JOHANNESBURG (Reuters) - Striking South African workers at mines operated by Anglo American Platinum (AMSJ.J) kept the company guessing about whether they will call off the stoppage at a rally on Monday.
Miners with the hardline Association of Mineworkers and Construction Union (AMCU) downed tools on Friday to protest plans by Amplats, the world’s largest producer of the precious metal, to cut 3,300 jobs to restore profits.
The strike is centred around Amplats mines near the town of Rustenburg in the restive platinum belt, where AMCU has poached tens of thousands of members from the once unrivalled National Union of Mineworkers (NUM) in a bloody turf war that has killed dozens of people the past 18 months.
The NUM said on Sunday it was taking Amplats to the Labour Court on Tuesday to oppose the lay-offs. Its members are not officially taking part in the AMCU stoppage but they have been staying away.
AMCU represents 40 percent of Amplats’ workforce but the company on Friday said attendance levels were below 20 percent.
AMCU activists have said they will strike until their demands are met.
AMCU has used such stoppages in the past to express anger at company moves and then its leaders have told workers at rallies to return to the shafts while they continue talks.
“We are going to continue with the strike until the company withdraws these forced retrenchments,” Makhanya Siphamandla, an AMCU organiser in Rustenburg, told Reuters by telephone. AMCU’s national leaders were not immediately available for comment.
Amplats, a unit of global mining giant Anglo American (AAL.L) which served the workers with lay-off notices on September 2, has already backed away from an initial target of 14,000 job cuts after a fierce backlash from the government and unions, including brief stoppages organised by the AMCU.
Unlike those stoppages, the current action is legal and in keeping with a change of tactics by AMCU, which was behind a wave of wildcat strikes that rocked South Africa’s gold and platinum sectors last year.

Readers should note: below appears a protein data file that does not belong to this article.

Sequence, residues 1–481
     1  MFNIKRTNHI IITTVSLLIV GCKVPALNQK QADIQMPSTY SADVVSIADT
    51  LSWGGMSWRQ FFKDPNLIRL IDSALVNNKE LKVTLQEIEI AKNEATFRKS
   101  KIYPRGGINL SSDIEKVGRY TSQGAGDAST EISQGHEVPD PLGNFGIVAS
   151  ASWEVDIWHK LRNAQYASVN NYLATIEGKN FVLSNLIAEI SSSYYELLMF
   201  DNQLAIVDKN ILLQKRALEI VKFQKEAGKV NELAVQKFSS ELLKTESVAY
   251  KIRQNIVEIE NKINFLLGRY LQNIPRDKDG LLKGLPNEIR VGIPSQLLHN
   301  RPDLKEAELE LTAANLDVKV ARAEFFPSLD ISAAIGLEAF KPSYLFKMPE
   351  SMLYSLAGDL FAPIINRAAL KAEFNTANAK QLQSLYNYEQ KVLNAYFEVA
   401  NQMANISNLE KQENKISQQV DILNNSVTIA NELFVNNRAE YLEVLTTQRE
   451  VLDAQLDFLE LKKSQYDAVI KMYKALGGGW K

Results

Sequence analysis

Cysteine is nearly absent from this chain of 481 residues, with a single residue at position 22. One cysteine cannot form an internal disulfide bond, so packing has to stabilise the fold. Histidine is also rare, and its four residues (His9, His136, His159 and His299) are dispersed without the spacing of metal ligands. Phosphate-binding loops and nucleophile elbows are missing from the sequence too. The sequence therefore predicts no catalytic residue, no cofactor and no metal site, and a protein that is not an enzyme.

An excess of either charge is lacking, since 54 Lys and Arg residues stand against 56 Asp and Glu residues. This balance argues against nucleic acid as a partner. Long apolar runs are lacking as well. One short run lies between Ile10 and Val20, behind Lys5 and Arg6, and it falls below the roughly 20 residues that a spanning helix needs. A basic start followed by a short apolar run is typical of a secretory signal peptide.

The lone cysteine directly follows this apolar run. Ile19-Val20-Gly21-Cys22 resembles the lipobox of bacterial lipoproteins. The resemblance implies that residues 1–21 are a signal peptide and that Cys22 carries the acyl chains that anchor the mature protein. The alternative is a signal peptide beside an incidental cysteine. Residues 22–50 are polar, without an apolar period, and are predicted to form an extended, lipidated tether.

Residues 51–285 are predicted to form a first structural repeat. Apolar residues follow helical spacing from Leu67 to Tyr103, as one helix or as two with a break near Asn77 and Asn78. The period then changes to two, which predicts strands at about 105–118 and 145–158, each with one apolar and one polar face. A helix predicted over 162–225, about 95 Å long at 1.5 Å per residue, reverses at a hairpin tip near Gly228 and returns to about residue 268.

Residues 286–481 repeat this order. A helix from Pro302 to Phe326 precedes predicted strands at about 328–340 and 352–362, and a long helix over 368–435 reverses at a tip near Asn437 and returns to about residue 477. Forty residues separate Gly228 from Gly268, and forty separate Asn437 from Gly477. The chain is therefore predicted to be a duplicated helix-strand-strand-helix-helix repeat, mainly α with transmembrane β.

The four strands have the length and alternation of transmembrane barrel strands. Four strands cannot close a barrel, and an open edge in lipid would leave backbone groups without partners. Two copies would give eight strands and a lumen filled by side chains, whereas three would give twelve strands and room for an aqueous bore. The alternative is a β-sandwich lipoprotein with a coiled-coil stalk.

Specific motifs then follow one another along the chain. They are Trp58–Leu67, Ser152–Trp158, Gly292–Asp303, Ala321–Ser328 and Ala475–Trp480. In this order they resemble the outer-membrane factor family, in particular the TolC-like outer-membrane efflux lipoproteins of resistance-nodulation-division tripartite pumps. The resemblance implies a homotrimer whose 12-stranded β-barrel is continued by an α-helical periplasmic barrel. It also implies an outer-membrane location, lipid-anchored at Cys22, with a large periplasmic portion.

Amplats chief executive Chris Griffith, mindful of how strikes drove the company into losses last year, said on Friday stoppages could put more jobs at risk.
Cutting jobs strikes emotional and political chords in South Africa, where income disparities are glaring and the unemployment rate is officially around 25 percent but could be over 40 percent.
The mining industry has shed hundreds of thousands of jobs since the ruling African National Congress (ANC) came to power when white rule ended in 1994, but the party has taken a tough line with Amplats ahead of elections next year.
NUM is also a key political ally of the ANC and its loss of members to AMCU has made the ruling party especially sensitive to worker anger in the mining shafts.
Amplats needs to find a path back to profitability given relatively poor global demand for the white metal used for building emissions-capping converters in automobiles.
Anglo American chief executive Mark Cutifani told Reuters in August that “nothing is sacrosanct” and the platinum unit would be removed from the portfolio if it did not deliver.
Coal producers and unions also meet on Monday to hammer out wage agreements and avert strikes that could hit exports to Europe and Asia and supplies to power firm Eskom.
Platinum wage talks have hardly gotten off the ground and could lead to more strikes next month. This could help support the price as South Africa accounts for about 75 percent of global supplies of the commodity.
Editing by David Cowell